[Tech30] This healthtech startup from Bharat saves lives with its lightweight and affordable ECG device
Cardiovascular diseases are one of the leading causes of human mortality across the globe, and in many cases, the chances of fatalities increase multifold due to lack of access to healthcare facilities. In India, studides reveal that heart disease accounts for around 28 per cent of all deaths.
Sunfox Technologies, a Dehradun-based healthtech startup, is aiming to change how people affected with cardiovascular diseases can get an early warning through their portable electrocardiogram device (ECG) device.
It was founded by Rajat Jain and Arpit Jain in August 2016, after they experienced a personal tragedy. “I lost my friend due to a sudden heart attack. I hail from a rural background and have seen a lot of deaths due to unavailability of medical equipment for various reasons,” says Rajat.
This led Sunfox Technologies to work extensively on developing a healthcare solution which would be suitable for the Indian conditions in terms of portability and durability, while also being cost-effective.
“Our addressable domain is to prevent life-threatening stages of diseases in patients living in the remotest locations through early monitoring by cost-effective and simple devices,” says Arpit.
The core founding member team of Sunfox Technologies
Sunfox Technologies also saw gaps in the market. It found that the available cardiac monitoring point of care (PoC) devices for last-mile users are costly, complex, inefficient, inadequate, inconvenient, and non-portable.
“We are solving this global health challenge by providing the accessible, simple, and affordable product innovation,” says Rajat.
Through R&D, Sunfox Technologies created its flagship product – Spandan. This is a lightweight and portable device which can be carried in one’s pocket.
“A cardiac patient can do cardiac screening by using Spandan while sitting at home, and can know about any cardiac abnormalities instantly without the assistance of a doctor,” says Rajat.
Spandan has multiple functionalities such as self-monitoring, smartphone connectivity, detection of 12 heart dysfunctions, and it is also available in multiple languages.
The user will have to download the app and place electrodes on the chest to get readings, after which the diagnosis is stored on the mobile phone. This can be used to show it to the doctor or in the case of emergency, the medical professional can consult remotely. Spandan’s platform is based on artificial intelligence.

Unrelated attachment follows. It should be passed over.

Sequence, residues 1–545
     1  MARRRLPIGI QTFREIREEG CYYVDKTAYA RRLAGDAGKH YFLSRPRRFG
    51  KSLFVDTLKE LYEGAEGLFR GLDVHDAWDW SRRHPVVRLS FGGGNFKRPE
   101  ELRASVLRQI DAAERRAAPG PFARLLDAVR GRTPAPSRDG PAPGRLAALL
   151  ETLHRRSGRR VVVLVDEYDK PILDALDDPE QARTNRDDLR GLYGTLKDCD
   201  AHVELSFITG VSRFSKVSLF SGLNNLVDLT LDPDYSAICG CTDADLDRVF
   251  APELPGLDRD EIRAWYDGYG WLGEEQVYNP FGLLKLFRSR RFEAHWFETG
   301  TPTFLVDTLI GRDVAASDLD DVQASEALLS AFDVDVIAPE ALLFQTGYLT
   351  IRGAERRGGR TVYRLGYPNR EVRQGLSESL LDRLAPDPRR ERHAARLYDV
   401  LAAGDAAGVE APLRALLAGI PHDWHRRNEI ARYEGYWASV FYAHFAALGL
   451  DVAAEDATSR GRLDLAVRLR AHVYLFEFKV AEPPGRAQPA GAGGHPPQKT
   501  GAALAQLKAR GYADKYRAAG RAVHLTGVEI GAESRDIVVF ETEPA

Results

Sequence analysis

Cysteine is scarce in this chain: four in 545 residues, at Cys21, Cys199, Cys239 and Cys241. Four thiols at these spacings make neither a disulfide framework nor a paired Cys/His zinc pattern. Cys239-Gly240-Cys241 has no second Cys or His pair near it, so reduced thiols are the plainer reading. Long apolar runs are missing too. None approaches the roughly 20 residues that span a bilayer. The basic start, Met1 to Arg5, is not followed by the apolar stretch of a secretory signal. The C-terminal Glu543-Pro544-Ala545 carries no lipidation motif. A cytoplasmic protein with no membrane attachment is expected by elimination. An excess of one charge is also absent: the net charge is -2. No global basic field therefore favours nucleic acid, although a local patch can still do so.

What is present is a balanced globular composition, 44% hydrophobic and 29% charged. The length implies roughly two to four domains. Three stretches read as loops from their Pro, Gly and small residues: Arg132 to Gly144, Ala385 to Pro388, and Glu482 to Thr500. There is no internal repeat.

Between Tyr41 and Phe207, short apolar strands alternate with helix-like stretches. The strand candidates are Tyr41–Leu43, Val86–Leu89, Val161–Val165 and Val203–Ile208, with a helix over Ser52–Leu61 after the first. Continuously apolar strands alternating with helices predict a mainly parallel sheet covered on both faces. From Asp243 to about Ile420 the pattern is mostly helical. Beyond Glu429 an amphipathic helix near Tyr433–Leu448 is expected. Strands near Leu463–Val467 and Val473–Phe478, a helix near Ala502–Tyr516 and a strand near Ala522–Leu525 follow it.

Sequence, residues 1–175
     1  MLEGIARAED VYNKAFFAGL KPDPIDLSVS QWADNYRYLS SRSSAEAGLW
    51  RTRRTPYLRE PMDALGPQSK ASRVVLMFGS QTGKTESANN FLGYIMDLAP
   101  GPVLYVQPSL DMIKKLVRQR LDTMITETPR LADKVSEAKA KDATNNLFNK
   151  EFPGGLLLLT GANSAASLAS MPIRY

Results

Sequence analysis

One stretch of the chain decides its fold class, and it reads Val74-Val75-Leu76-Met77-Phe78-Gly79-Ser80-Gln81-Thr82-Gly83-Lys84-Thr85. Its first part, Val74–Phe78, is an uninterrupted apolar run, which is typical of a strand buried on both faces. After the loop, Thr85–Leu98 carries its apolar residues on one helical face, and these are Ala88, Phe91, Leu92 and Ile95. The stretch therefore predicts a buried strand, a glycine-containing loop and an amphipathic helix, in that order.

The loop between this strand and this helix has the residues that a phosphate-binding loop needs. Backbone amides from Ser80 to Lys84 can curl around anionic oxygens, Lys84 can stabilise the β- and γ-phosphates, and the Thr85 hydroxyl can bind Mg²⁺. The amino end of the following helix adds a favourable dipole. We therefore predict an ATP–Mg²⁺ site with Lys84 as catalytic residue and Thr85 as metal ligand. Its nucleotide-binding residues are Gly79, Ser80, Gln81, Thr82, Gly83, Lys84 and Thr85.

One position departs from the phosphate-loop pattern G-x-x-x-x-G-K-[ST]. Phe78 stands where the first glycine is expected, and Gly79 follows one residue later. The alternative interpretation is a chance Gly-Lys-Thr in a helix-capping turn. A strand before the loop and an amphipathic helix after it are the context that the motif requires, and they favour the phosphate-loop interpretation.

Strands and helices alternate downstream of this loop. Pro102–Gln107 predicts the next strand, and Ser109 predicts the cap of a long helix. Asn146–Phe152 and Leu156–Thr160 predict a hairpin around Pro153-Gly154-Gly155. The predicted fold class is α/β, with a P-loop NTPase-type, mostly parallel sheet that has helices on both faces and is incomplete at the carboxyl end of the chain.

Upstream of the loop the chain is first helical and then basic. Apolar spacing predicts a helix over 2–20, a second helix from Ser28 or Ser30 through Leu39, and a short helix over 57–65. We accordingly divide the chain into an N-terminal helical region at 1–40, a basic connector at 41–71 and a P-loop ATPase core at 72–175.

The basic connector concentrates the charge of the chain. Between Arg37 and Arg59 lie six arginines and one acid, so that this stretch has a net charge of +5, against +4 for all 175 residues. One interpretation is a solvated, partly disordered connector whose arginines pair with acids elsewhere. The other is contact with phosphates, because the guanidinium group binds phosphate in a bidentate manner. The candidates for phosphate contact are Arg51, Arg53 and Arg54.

Rajat says Spandan can be used to reduce preventable deaths – by providing early warnings as well as remote doctor consultations.
The startup brings together the hardware and software elements through the smartphone. The founders of this startup say this device can be used as a PoC device and does not require the presence of a trained professional.
Rajat says, “Spandan emerged from our efforts as a frugal and lean hardware technology company with an aim to make high-end devices available to the common man.”
The entire technology of Spandan has been built in-house, with minimal dependence on external vendors.
The founders say Spandan has reached a modular stage which allows for easy replication and adding newer features onto the device.
Sunfox Technologies has deployed Spandan at various healthcare institutes, besides focusing on individual consumers. It generates revenue through the one-time sale of the device and recurring income from its subscription services. The Spandan device is available at around Rs 8,000 on online marketplaces.
Rajat believes Spandan is ideally suited for the small and medium business segment, given the price point at which the product is sold.
The startup, which primarily targets India as its key market, is now looking to expand into the Middle East and Southeast Asia. There are others in the market who provide similar kind of devices like AliveCor, SanketLife Pro Plus among others.
“I am building this venture so that I can contribute my bit to save millions of lives from preventable heart attacks. We are trying to make the impact on the global health with the lean and frugal innovation approach,” says Rajat.